Is using a producer even necessary? The 412 with producer Lauren DeMichiei | Music | Pittsburgh | Pittsburgh City Paper

Is using a producer even necessary? The 412 with producer Lauren DeMichiei

click to enlarge Lauren DeMichiei - PHOTO: HEATHER MULL
Photo: Heather Mull
Lauren DeMichiei

Motown legend Berry Gordy shaped the careers of acts like Marvin Gaye, Stevie Wonder, and Gladys Knight. Sam Phillips played a fundamental role in Elvis Presley becoming the King of Rock and Roll. Linda Perry is the woman behind Christina Aguilera’s “Beautiful” and Pink’s “Get the Party Started.” Producers are the unsung heroes of music, but recently, bands and musicians have started to move away from using them in the studio. Musician-turned-producer Lauren DeMichiei hopes her project, Cite Your Sources, will show local acts the benefits of collaborating with a producer. 

“When people hear producer, they think of [a] beat maker,” says DeMichiei. “Like someone who’s working with [Logic Pro] or Reason, different [audio] programs, synthesizers, but really if you look at a rock and roll producer from the ’70s, ’80s, or even ’90s, they don’t do that. They are in the studio with artists getting the best possible performances, working with the engineers to get the best possible sound.” 

DeMichiei began working on Cite Your Sources, a collection of mini EPs, about two years ago when she decided to stop performing as an artist. Working with 26 collaborators from Pittsburgh, New York, and L.A., DeMichiei stripped down, cut up, and produced songs she’s performed over the years. The goal was to have a solid example of what she can do for artists across different genres as a producer.

“It’s really hard to get artists to trust you and work on their stuff,” says DeMichiei. “They don’t see the benefit of having a producer on their tracks. A lot of times, bands go into the studio and just want to get something out so they can get gigs. They’re not really thinking about the songcraft.”

Unlike an engineer, producers typically manage the project and take on tasks like catering the space to the artist and making creative decisions about instrumentation. They even manage budgets.

“You set aside $5,000 for your recording. If you have a producer, they [are] going to make sure that $5,000 gets you what you’re looking for,” says DeMichiei. “Engineers can wear many hats, but the work often suffers if they are wearing too many.”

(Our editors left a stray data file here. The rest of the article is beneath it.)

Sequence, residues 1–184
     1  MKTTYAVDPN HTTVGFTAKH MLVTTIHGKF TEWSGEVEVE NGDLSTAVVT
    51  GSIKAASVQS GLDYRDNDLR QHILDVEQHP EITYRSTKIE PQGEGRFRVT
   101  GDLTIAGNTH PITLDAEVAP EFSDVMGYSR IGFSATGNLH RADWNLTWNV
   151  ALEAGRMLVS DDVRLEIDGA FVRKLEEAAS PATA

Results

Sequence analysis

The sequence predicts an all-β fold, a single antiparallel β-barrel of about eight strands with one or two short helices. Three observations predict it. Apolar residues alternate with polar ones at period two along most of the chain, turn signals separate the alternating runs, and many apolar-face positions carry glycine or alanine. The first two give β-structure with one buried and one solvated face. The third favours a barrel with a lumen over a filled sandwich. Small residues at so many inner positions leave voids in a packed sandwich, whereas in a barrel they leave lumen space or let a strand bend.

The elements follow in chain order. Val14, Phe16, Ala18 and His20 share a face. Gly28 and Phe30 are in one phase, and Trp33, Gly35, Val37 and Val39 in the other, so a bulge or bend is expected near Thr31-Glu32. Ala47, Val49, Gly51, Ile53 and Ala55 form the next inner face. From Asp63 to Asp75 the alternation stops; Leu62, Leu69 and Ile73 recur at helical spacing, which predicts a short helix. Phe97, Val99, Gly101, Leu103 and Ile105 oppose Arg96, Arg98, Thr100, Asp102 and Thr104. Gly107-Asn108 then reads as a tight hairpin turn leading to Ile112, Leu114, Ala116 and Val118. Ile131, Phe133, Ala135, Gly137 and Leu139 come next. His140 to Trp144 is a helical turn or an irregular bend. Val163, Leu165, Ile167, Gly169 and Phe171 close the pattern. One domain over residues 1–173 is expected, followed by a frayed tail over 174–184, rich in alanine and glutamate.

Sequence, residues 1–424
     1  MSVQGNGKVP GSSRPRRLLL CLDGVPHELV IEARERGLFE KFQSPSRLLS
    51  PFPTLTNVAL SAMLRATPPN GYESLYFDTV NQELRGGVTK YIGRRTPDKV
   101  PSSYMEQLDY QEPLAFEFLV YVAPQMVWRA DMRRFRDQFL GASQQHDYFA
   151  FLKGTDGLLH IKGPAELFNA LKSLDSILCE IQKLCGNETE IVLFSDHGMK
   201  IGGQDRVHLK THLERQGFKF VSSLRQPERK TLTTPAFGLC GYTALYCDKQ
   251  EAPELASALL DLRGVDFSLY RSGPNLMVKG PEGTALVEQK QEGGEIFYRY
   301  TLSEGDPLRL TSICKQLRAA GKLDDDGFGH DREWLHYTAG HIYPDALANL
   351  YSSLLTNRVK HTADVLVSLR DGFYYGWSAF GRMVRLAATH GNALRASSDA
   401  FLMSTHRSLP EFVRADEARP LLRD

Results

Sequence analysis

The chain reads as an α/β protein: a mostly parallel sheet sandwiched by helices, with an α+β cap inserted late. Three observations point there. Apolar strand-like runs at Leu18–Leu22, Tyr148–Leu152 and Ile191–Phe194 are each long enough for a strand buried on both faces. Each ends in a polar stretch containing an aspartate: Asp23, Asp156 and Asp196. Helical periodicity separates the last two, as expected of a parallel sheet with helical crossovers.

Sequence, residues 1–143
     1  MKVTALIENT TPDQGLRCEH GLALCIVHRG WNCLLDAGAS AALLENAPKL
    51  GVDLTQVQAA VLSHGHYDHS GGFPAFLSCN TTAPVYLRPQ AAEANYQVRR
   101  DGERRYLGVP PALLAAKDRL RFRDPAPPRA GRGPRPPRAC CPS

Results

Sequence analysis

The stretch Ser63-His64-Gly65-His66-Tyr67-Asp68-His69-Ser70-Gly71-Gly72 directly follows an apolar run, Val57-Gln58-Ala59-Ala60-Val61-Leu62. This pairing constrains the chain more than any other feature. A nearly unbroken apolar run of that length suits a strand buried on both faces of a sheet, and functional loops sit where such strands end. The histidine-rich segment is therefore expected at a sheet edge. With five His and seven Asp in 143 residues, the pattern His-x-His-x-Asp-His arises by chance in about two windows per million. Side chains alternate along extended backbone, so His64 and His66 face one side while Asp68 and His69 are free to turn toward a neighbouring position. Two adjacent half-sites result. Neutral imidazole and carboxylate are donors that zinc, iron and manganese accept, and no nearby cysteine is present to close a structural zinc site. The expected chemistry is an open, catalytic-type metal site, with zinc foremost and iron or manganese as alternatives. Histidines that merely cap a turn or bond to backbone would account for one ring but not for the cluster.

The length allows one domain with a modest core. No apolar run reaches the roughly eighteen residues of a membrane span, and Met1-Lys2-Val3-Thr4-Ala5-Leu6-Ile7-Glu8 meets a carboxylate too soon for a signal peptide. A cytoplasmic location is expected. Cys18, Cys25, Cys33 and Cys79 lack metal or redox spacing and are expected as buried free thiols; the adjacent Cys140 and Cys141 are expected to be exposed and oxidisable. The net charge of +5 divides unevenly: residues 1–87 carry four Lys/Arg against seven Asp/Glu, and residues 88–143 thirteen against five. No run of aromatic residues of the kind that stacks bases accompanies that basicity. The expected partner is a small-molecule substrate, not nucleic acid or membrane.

The final track for DeMichiei’s Cite Your Sources project is set to drop this year after she makes a music video for the song with a local puppeteer. After that, her goal is to write and produce tracks not released under her name, becoming an unsung hero in the Pittsburgh music scene. 


The 412 is CP’s music feature where you can get local band/musician updates and fun, random tidbits of information all in one.

 Qs about work-life





Are you a messy or clean desk type of person?

Totally [a] clean-desk person here. If I didn’t stay super organized, I wouldn’t be able to do all that I do. 

What makes your workspace feel the most comforting?

Artwork. I have pieces from Danielle Robinson, Lex Covato, Gabe Felice, Teenie Harris Harris, and Karl Mullen

Would you rather work in a cubicle or an open-plan office?

I’d rather not be restricted to work in any one place. Technology and planning allow us to be productive almost anywhere. 

What’s your favorite lunchtime meal?

I have cut out most sugar and carbs from my diet lately, so I am digging on the cauliflower crust pizza and power greens for lunch. 

Q about relationships





What’s the worst date you’ve ever been on?

Dating? What’s that? I was lucky to avoid the current dating climate, as I’ve been with my partner since 2002. 

But I suppose the worse date I was ever on was the date I didn’t know I was on. I was hanging with a lady from L.A. who was in town working on Batman, and she put the moves on me. I was like, “Whoa! That was unexpected."

Qs about music





If you could go anywhere to be alone and work on music, where would it be?

Hm … I would love to work on music solo deep in the desert of maybe Arizona or New Mexico. 

Any deep nature spot would be a good retreat for me, though. Even here in Appalachia, as I have yet to venture out somewhere remote, solo with a demo rig. 

Best movie or television soundtrack?

This is a tough one, there are so many great soundtracks & composers! Currently, I am vibing on Hildur Guðnadóttir’s work. She composed the music from Chernobyl (the HBO series) and Joker, and I am really interested in her non-conventional approach to composing. Also shout out to my favorite movie soundtrack composer, Jon Brion, who did Eternal Sunshine of the Spotless Mind, among others, and he even produced some tracks on Mac Miller’s final album, Swimming.

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